Jonathan Stevenson blogs about the paintings of Amy Lincoln, on view at Morgan Lehman Gallery, New York, through May 7, 2016.
Stevenson observes that Lincoln's painting's "vivid color, exacting line, and exotic detail leap out at the viewer, so that the initial impression is straightforwardly Rousseau-esque, maybe with a nod to earnest Regionalist and Symbolist landscape painters. Her work isn’t merely gorgeous or wistful. She imparts to her paintings an arch, expansive ambivalence that gives them depth, mystery, and a little darkness ... These paintings, smart and probing as they are visually striking and technically accomplished, scratch the itch at the juncture of perception and imagination."
Lincoln comments: "I like to have a bit of a sense of humor with some of the imagery in my paintings. The whole idea of zebras in the jungle is sort of a joke, even a play on the idea of naive painting, where someone imagines this exotic land but doesn’t really have the details right. Zebras don’t really live in the jungle, of course. As to the austerity, or order, to some degree that comes from an idea I have that there is so much useless crap we buy and then have to store, that if I am going to create a new object, it better be extremely carefully, beautifully, thoughtfully made. I would rather take a lot of time and make fewer objects, but make them really special and unusual. This is also the result of trying to make good compositions. I enjoy making complex compositions, but this requires putting trees in, then taking them out, repainting a fish so that it’s one inch further to the left."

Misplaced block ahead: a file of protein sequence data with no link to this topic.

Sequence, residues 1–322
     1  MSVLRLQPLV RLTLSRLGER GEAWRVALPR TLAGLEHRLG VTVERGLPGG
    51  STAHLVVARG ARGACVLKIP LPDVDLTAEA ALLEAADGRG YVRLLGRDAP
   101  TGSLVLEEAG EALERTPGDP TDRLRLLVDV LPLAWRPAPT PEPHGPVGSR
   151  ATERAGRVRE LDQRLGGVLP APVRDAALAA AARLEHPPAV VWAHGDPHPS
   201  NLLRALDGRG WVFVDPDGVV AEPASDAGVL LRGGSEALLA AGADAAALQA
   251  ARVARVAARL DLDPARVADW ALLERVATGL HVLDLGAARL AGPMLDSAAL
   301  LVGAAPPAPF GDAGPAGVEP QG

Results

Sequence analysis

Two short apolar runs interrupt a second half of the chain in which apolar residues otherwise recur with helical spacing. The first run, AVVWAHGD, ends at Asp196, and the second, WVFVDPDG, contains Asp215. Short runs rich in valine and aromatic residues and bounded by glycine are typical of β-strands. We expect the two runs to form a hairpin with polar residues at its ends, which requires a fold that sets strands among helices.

Thoughts on connections between the paintings of Amy Lincoln and works by Henri Rousseau:
"There are some striking formal parallels between [Lincoln's] and Rousseau’s work. The luscious plants bursting with color (Lincoln’s more so) and elegantly oscillating between flatness and roundness... Every single leaf that we see in 'Spring Trees with Rain' has been modeled and shaped to stand out on its own, ripe with volume and heightened plasticity. Her surfaces are covered in individual marks that assume various objects: blades of grass, leafs, rain drops. Maybe I should take back what I said in the beginning when I called her work 'reductive.' In Lincoln’s and to the same degree in Rousseau’s paintings, it is not so much a reduction of the visible world that fascinates me; it is its compression into a more comprehensible form. In other words: when thin layers of paint finally thicken into the objects they describe."
Edited by artist Brett Baker, Painters' Table highlights writing from the painting blogosphere as it is published and serves as a platform for exploring blogs that focus primarily on the subject of painting.